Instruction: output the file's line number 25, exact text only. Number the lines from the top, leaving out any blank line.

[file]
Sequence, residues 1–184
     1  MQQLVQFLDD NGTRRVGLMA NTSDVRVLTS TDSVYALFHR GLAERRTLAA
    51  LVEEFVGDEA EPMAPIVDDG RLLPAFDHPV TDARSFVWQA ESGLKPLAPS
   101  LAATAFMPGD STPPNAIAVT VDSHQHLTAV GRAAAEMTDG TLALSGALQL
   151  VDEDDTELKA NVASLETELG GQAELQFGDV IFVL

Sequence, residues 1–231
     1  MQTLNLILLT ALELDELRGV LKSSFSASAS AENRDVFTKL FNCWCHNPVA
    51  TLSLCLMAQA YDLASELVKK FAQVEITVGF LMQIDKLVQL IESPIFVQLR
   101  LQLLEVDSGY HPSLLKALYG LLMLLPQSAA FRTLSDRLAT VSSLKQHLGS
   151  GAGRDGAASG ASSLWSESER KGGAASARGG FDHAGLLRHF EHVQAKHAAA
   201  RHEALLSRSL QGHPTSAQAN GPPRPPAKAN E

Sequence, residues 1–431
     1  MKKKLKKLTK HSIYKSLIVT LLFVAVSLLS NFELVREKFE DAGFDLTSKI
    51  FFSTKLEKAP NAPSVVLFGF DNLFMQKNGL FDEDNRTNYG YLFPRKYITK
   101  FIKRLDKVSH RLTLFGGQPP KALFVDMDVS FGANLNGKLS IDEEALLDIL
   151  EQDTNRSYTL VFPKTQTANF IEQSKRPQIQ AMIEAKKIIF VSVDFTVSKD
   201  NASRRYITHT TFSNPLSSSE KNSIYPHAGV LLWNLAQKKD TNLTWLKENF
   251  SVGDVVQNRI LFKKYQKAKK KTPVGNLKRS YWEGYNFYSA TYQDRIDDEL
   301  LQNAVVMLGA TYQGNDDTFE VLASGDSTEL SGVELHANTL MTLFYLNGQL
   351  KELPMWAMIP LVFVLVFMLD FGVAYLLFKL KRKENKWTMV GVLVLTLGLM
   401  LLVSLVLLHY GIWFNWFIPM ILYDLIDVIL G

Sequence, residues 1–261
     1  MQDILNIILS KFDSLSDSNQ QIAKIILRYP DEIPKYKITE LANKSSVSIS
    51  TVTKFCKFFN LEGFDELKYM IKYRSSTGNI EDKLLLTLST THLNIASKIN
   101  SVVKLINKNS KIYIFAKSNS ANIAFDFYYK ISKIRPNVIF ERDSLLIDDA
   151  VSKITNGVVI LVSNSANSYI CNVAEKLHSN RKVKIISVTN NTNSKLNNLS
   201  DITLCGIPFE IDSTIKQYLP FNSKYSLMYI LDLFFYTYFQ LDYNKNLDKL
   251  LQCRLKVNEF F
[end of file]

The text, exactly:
   101  SVVKLINKNS KIYIFAKSNS ANIAFDFYYK ISKIRPNVIF ERDSLLIDDA